The Graveyard Book
The Graveyard as A Library
We’re going to make what might sound like a bizarre suggestion: the graveyard, in addition to being a graveyard, is also meant to represent a library. No, really.
See, author Neil Gaiman says that he got the idea for The Graveyard Book from his experience of practically living in the library when he was a kid, transported to other worlds through books of all sorts. We might think of the graveyard as Bod’s own library, and of each grave as a book, which leads to something new and exciting.
When Bod first shows curiosity about the people buried in the various graves, Silas begins to teach him to read. Silas does use a few books, but mostly the gravestones are Bod’s books. He uses them to learn to read. Also, think of when Bod goes to Hell in Chapter 3 with the ghouls – how does he get to this fantasyland? By going through a grave that also happens to be a ghoul gate.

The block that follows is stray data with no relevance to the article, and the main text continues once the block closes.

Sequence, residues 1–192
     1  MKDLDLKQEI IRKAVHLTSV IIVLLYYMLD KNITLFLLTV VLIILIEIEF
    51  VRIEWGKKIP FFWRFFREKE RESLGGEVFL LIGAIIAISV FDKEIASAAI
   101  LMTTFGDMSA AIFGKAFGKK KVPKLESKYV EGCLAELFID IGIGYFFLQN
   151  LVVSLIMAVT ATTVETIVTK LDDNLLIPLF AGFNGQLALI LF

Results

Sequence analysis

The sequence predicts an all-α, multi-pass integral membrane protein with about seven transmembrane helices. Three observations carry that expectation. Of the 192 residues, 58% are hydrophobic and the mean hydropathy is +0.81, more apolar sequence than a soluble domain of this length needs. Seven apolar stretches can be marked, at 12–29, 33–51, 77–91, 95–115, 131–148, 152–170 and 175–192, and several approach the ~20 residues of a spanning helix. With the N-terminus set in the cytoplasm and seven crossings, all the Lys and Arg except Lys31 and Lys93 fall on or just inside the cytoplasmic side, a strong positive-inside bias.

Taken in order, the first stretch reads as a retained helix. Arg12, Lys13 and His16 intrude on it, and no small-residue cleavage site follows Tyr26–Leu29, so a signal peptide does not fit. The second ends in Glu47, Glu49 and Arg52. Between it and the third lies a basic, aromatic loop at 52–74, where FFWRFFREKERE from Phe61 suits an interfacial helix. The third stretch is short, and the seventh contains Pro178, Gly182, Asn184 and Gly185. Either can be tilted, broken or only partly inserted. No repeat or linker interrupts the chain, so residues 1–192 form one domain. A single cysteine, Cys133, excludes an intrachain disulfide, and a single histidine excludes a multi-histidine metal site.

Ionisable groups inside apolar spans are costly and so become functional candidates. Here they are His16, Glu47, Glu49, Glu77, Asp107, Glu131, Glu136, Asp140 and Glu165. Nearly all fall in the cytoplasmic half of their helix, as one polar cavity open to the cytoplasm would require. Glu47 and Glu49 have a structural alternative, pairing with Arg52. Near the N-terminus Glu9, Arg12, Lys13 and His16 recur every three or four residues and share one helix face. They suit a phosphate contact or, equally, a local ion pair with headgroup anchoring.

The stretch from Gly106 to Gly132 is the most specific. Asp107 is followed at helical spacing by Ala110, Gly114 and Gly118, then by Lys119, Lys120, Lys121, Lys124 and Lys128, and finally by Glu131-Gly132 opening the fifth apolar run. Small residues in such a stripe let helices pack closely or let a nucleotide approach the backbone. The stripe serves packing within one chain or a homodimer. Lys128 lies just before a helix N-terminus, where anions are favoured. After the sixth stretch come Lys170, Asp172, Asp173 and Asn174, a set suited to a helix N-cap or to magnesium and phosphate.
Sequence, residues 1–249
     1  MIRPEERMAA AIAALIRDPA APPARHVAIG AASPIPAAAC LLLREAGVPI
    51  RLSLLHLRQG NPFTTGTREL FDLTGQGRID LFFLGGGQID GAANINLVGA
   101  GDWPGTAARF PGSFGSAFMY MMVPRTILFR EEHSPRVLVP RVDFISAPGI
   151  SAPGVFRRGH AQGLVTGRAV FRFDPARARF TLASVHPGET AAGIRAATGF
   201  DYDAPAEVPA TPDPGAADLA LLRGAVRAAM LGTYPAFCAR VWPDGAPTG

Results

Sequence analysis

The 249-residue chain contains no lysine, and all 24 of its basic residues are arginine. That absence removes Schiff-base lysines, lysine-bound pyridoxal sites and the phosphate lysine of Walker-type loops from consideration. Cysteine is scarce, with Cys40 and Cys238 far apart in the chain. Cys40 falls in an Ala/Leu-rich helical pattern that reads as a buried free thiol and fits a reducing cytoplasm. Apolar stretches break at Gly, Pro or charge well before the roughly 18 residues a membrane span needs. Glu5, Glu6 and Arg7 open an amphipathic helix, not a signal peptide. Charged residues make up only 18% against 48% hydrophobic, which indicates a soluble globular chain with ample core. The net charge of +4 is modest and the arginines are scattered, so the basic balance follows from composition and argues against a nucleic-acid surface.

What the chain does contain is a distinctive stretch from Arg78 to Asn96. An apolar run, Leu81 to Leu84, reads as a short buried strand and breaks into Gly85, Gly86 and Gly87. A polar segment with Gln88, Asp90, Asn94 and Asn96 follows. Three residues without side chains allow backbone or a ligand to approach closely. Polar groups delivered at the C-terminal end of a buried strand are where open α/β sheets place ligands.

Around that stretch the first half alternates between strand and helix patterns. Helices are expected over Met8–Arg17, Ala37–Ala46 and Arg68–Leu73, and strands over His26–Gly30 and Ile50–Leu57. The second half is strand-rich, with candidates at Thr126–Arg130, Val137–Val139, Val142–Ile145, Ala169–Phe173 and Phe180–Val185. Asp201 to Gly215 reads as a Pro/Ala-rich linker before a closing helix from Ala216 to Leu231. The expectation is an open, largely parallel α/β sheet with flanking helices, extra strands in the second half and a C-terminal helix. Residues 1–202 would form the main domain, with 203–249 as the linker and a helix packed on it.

What kinds of thing does Bod learn or experience from the other graves? If each grave was a type of book, what sort of book would it be? Think about Caius Pompeius, Letitia Borrows, Mr. Pennyworth, Liza Hempstock, and the tomb of the Sleer, in particular.